Approximately forty years after the French Revolution ended, political unrest was once again on the rise in France and throughout Europe. During the first half of the nineteenth century, the entire continent of Europe was undergoing a transformation. The population nearly doubled in some areas (Berman, 78) and new inventions in transport, technology, and communications caused the economy to boom in unprecedented ways (Berman, 79). Governments across Europe had no experience dealing with such remarkable changes, and they were ill-prepared for the consequences that followed. Many people began relocating to urban areas in order to pursue emerging employment opportunities there. “By 1850, the rate [of Europeans who lived within cities] was approximately 20% and rising” (Berman, 79).
However, the masses of working-class people flooding Europe’s cities brought some rather unpleasant side effects. Because of the abundance of new workers, wages for industrial jobs began declining. On top of the low pay, these industrial jobs were also quite dangerous, and living conditions were horrific. (Berman, 80). This is a prime example of the negative effect that the industrial revolution had on workers. People would relocate to a big city in hopes of discovering new opportunities, only to discover that they were underrepresented and that industrialization mainly benefited those in positions of economic power, despite the fact that the working class was becoming increasingly important to the economy. Together, these frustrating factors created a powerful movement fueled by the discontent of working-class people. Lower-class and middle-class Europeans started rallying behind the idea of installing a more democratic government, one that would represent them and their growing importance to the economy.
In France, discontented workers went as far as to protest violently. Some members of the French National Guard chose to no longer protect the old regime when faced with rioting citizens. (Berman, 87). Realizing that he had no other choice, the King of France at the time, Louis-Phillipe, chose to flee the country and give in to the rioters’ demands. In a way this short-lived conflict was a success because the king gave in to the demands of the protesters, but it also created a whole new set of challenges. What would replace the old regime? Who would fill the power vacuum left by Louis-Phillipe?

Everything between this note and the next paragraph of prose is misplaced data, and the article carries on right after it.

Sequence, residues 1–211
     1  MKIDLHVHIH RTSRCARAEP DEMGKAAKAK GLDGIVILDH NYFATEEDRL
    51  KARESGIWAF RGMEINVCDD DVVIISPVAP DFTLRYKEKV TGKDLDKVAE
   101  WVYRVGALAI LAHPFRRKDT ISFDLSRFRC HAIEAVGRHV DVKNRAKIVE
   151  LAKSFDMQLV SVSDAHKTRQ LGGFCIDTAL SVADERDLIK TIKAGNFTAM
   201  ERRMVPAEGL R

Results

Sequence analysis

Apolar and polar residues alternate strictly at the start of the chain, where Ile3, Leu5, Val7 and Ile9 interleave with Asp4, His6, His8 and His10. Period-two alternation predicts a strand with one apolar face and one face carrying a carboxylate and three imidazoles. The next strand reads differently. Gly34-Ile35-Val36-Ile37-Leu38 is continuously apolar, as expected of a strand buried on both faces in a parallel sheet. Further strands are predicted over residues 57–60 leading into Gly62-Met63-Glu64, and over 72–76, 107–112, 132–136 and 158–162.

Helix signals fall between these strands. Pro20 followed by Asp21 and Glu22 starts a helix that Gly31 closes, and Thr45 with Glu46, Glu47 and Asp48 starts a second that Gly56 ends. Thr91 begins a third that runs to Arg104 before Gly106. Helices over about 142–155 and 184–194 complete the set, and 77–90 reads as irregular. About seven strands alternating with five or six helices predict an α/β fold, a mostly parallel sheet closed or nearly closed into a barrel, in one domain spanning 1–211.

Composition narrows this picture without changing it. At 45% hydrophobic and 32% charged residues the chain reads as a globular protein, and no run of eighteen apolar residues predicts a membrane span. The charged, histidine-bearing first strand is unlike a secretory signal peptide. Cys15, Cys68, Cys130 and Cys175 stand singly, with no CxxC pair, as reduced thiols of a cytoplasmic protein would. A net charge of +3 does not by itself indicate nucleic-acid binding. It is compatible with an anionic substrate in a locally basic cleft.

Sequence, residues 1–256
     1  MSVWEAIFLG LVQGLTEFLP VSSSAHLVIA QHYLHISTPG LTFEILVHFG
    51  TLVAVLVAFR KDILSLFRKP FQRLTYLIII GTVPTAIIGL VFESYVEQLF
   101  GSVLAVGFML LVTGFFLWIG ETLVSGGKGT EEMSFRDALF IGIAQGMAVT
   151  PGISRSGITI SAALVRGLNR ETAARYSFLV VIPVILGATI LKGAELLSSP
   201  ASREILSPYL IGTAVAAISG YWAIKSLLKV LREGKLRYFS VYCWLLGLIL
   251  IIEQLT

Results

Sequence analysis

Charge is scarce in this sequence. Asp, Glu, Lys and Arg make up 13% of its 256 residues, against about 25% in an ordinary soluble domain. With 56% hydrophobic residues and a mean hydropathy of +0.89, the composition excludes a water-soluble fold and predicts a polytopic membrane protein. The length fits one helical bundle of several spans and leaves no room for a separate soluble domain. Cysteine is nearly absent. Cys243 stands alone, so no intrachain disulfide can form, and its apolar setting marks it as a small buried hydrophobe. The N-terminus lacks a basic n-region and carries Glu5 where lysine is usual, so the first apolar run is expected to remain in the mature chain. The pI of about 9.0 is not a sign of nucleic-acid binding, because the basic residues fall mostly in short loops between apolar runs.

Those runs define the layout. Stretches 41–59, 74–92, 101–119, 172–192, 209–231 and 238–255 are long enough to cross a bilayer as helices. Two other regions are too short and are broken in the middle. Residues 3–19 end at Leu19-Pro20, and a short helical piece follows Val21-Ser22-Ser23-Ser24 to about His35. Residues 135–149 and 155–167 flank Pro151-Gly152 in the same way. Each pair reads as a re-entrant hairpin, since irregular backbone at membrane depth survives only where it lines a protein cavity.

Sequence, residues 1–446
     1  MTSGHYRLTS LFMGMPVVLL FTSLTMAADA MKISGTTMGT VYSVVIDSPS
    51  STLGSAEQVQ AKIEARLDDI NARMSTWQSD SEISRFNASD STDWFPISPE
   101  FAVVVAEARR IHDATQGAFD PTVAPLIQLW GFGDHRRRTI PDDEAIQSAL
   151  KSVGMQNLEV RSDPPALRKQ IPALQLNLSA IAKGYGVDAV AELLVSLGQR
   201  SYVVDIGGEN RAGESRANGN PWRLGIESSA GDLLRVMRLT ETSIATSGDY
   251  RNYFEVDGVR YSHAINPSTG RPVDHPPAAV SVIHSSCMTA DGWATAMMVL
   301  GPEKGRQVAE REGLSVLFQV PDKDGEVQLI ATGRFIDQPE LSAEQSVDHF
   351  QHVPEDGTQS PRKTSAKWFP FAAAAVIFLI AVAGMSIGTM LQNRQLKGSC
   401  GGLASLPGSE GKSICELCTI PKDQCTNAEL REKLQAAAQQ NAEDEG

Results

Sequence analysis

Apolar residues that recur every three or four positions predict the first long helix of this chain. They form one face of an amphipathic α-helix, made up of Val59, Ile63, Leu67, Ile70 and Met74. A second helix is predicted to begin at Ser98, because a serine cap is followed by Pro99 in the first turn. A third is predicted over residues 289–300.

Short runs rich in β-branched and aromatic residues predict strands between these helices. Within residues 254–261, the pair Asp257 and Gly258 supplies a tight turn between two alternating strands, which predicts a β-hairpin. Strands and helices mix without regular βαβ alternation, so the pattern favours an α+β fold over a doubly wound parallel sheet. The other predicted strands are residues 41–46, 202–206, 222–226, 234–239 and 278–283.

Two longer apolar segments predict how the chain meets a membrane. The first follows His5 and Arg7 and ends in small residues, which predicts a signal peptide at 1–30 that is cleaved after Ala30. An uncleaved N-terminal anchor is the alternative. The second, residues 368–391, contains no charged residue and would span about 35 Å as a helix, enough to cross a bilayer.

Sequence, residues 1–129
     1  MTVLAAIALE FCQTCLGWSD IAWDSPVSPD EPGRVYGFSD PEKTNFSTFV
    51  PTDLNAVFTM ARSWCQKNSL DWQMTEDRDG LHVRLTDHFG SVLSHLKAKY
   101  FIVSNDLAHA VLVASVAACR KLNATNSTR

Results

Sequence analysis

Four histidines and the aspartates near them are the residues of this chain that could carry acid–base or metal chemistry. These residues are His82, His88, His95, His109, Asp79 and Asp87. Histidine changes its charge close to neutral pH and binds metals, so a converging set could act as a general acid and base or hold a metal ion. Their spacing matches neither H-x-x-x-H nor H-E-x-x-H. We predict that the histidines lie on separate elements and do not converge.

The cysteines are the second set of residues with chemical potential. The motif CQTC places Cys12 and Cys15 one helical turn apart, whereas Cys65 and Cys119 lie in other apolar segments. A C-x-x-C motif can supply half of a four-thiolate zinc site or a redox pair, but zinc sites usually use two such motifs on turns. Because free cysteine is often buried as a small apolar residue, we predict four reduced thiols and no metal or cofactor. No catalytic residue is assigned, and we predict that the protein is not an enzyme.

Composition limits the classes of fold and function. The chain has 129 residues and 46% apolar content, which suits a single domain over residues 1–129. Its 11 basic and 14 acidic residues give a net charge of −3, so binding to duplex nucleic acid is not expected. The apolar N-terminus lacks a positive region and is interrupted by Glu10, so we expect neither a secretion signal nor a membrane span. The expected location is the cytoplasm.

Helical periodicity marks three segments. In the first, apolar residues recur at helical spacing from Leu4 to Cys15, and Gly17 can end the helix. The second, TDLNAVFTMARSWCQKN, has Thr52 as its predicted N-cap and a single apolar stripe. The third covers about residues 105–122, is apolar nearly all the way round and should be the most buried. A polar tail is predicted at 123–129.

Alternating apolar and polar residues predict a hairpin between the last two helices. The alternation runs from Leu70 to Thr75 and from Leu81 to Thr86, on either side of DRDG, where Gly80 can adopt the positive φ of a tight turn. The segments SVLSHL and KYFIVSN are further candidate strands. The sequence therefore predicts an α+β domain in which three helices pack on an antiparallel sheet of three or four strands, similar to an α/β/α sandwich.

The working class in France and other European nations was composed of people from many different backgrounds, ethnicities, and political parties. Bringing an end to the old regime and replacing it with a democracy became a common interest for all different kinds of people and gave them a goal to work toward together. But this unity did not last long. After Louis-Phillipe fled from France, the political and social differences within the new government became quite apparent, and so the political unrest and dissatisfaction continued.
During this time, many different political parties and ethnic groups banded together with one common goal: to bring down the existing old regimes that had ruled Europe for centuries. The working middle class, which had become increasingly important within European economies, demanded more representation within the government. In this way, the 1848 revolution in France was both a success and a failure. The revolutionaries successfully removed King Louis-Phillipe from power, but when faced with the daunting task of replacing his regime with a democracy, conflict and disagreements broke out between the formerly-united opposition. “The year 1848’s combination of great promise, wide scope, almost immediate initial success, and then rapid backsliding led many to view it as a complete failure” (Berman, 103).
Berman, Sheri. Democracy and Dictatorship in Europe: From the Ancien Régime to the Present Day, Oxford University Press, Incorporated, 2019.